A couple years ago, I had this terrible temp job, where a woman and I sat in a conference room with a broken table, and had to use our own computers to access the company's online order processing. It wasn't even full time, it was a forty five minute drive from my shitty apartment, and we were "supervised" by two dudes a couple years younger than me. The whole thing generally blew.
A couple weeks into the project, they brought on some new people. One guy I was sure I recognized. He was nice enough. We talked about the shows going on around the city. It turned out he wrote for a few local websites and was writing a play. I mentioned that I was a writer, but avoided admitting what I wrote, since we were in, more or less, a professional workspace.
We worked together for a couple days before I pieced together enough information about him to realize why I knew him. We had been briefly introduced by a friend after a show she was working on. She had tried to convince me to let her set me up with him, and another friend had shut that idea down instantly because, due to the small-town-factor of the largest metro area in Minnesota, she happened to know that his ex-girlfriend had a restraining order against him.
And, like it always does, the conversation about writing changed. He was instantly superior to me because his handful of snarky reviews were "Real Writing" and my actual, profitable books were "just porn". A few months after that I had a couple guys email me out of the blue because they'd heard I was making money writing and wanted to know if I had any advice. I sent them links to Evernight's submission page and a few anthologies I had heard about. They both shot me down. They wanted to pursue "real writing".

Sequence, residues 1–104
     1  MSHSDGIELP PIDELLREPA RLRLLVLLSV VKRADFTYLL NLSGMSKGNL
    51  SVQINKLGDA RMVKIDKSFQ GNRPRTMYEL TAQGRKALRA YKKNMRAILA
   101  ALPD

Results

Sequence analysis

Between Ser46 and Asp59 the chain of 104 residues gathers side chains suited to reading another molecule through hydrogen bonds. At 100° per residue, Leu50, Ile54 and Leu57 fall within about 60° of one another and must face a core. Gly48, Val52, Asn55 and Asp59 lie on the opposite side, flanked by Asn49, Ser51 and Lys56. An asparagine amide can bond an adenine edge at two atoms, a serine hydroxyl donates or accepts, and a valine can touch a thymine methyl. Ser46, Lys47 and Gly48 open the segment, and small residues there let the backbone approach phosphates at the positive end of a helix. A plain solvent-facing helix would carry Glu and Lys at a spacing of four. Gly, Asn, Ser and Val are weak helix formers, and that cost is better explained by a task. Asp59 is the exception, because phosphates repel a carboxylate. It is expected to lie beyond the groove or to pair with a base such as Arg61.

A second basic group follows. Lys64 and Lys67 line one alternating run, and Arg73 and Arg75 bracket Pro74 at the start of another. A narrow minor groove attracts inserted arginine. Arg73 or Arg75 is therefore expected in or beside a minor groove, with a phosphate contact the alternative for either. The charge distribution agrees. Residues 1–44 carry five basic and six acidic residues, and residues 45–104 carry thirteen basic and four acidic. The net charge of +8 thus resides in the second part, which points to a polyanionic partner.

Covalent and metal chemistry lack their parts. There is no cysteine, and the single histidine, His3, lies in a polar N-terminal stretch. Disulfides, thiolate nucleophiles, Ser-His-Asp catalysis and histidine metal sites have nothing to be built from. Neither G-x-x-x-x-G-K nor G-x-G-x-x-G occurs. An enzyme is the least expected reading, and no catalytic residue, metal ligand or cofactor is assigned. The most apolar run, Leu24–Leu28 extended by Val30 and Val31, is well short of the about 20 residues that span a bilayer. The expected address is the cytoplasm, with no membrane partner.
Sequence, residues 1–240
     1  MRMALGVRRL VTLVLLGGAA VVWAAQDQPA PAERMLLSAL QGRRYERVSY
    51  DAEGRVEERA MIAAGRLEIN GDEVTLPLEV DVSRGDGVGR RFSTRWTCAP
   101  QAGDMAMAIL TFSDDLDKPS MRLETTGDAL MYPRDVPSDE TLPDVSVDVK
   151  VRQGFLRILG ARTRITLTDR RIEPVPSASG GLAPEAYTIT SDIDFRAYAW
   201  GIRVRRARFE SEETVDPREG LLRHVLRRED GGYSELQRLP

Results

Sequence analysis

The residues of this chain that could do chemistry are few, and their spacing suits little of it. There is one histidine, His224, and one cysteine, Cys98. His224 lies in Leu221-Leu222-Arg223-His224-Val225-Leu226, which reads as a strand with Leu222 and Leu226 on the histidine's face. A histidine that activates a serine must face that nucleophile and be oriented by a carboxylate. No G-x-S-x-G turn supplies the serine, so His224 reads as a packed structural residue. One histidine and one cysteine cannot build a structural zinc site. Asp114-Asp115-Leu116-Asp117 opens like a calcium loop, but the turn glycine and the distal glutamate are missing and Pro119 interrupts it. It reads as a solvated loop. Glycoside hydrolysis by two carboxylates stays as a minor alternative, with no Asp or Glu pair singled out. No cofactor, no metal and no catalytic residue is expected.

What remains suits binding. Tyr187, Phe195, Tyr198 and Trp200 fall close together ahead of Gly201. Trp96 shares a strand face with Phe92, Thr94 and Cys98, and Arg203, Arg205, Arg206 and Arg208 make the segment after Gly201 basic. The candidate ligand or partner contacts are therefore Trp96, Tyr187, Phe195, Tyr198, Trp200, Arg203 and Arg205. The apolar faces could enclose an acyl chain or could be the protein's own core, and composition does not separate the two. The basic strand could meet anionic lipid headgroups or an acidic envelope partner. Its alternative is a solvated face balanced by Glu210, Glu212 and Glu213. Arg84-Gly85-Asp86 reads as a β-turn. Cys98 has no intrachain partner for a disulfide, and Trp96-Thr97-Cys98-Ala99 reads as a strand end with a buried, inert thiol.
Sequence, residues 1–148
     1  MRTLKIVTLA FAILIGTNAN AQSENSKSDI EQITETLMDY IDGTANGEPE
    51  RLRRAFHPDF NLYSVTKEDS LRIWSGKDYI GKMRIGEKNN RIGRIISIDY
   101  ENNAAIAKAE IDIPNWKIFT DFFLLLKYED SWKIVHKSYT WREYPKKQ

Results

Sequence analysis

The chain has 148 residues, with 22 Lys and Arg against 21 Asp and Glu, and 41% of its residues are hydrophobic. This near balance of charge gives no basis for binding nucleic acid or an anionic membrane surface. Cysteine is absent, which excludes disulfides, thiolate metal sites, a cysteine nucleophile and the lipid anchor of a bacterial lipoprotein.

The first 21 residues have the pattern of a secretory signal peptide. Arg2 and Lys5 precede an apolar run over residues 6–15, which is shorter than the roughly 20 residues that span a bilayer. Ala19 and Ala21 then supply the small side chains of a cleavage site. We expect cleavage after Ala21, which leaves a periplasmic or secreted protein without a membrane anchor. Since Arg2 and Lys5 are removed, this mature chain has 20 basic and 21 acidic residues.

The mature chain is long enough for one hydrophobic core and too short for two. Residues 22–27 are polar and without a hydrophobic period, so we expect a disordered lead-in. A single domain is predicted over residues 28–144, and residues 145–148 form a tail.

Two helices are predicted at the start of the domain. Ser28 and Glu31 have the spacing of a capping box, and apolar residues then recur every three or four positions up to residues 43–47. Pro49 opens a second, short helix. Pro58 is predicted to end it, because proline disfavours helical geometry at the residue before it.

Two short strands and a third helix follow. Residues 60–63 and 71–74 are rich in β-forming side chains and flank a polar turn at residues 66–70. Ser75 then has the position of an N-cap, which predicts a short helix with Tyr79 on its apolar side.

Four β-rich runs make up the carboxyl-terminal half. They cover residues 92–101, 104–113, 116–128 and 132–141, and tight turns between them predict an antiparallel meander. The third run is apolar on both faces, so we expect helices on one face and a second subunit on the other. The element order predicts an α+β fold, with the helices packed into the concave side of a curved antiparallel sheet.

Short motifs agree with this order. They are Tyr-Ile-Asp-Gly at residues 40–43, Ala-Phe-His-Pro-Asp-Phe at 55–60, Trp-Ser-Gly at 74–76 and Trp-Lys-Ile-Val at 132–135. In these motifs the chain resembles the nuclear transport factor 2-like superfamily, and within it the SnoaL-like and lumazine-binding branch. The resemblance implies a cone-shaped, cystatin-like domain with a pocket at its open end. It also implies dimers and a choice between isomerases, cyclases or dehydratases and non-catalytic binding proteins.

All erotica authors have a story like that. So I wanted to give characters a similar struggle. What happens to two professional young men when porn becomes part of their life? When it's something other than quick late night jerk-off inspiration. What happens to them when porn actually changes their lives and their relationship?
Innocence on Film is the first book of the Selling Out Series, which follows ambitious Iowa farm boys Shawn and Fletcher as they try to make it in the big city. When both boys lose their jobs and are about to lose their apartment, they encounter their saving grace in the form of Fritz, an... entrepreneur they meet in a bar. Fritz runs a very classy, very successful, very pornographic website, and is in need of performers. The boys need the money, and decide to damn the consequences, but never imagined what else would come out of their quick tryst on film.
Innocence on Film was influenced pretty significantly by cockyboys.com, an artsy gay porn site that I highly recommend, but as I began to the develop the rest of the series, I realized that I also needed to address the fact that my heroes, Shawn and Fletcher, luck out. They are desperate and destitute, but Fritz is a good guy, running an ethical company. He cares about his performers, makes sure they are comfortable and well treated, and gives them safe working conditions.
Romance and Erotica are fantasies, but I feel like it's important to address that not all porn performers have the experience that Shawn and Fletcher have. It's chilling to realize that a lot of porn does not meet these very basic safety requirements. Women are treated terribly, forced into situations they did not agree to, and are often threatened and abused. A lot of porn is flat out rape, sold and stolen all over the internet.
So, after you enjoy "Innocence on Film", check out some ethical or feminist pornography.
Here's a quick definition from Tristan Taormino:
Feminist pornographers are committed to gender equality and social justice. Feminist porn is ethically produced porn, which means that performers are paid a fair wage and they are treated with care and respect; their consent, safety, and well-being are critical, and what they bring to the production is valued. Feminist porn explores ideas about desire, beauty, pleasure, and power through alternative representations, aesthetics, and filmmaking styles. Feminist porn seeks to empower the performers who make it and the people who watch it.